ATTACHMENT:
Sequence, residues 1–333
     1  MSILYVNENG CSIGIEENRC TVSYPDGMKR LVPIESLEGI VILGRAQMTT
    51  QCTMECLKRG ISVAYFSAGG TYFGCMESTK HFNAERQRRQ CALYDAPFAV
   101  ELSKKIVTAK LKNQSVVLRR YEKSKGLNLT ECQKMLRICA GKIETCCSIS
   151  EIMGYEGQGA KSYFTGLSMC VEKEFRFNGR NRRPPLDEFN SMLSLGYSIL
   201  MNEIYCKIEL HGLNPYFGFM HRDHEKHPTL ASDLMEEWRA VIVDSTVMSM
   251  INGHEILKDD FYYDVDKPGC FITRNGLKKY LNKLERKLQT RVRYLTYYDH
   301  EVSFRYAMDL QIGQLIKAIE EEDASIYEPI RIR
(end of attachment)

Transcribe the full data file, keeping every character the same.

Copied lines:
Sequence, residues 1–333
     1  MSILYVNENG CSIGIEENRC TVSYPDGMKR LVPIESLEGI VILGRAQMTT
    51  QCTMECLKRG ISVAYFSAGG TYFGCMESTK HFNAERQRRQ CALYDAPFAV
   101  ELSKKIVTAK LKNQSVVLRR YEKSKGLNLT ECQKMLRICA GKIETCCSIS
   151  EIMGYEGQGA KSYFTGLSMC VEKEFRFNGR NRRPPLDEFN SMLSLGYSIL
   201  MNEIYCKIEL HGLNPYFGFM HRDHEKHPTL ASDLMEEWRA VIVDSTVMSM
   251  INGHEILKDD FYYDVDKPGC FITRNGLKKY LNKLERKLQT RVRYLTYYDH
   301  EVSFRYAMDL QIGQLIKAIE EEDASIYEPI RIR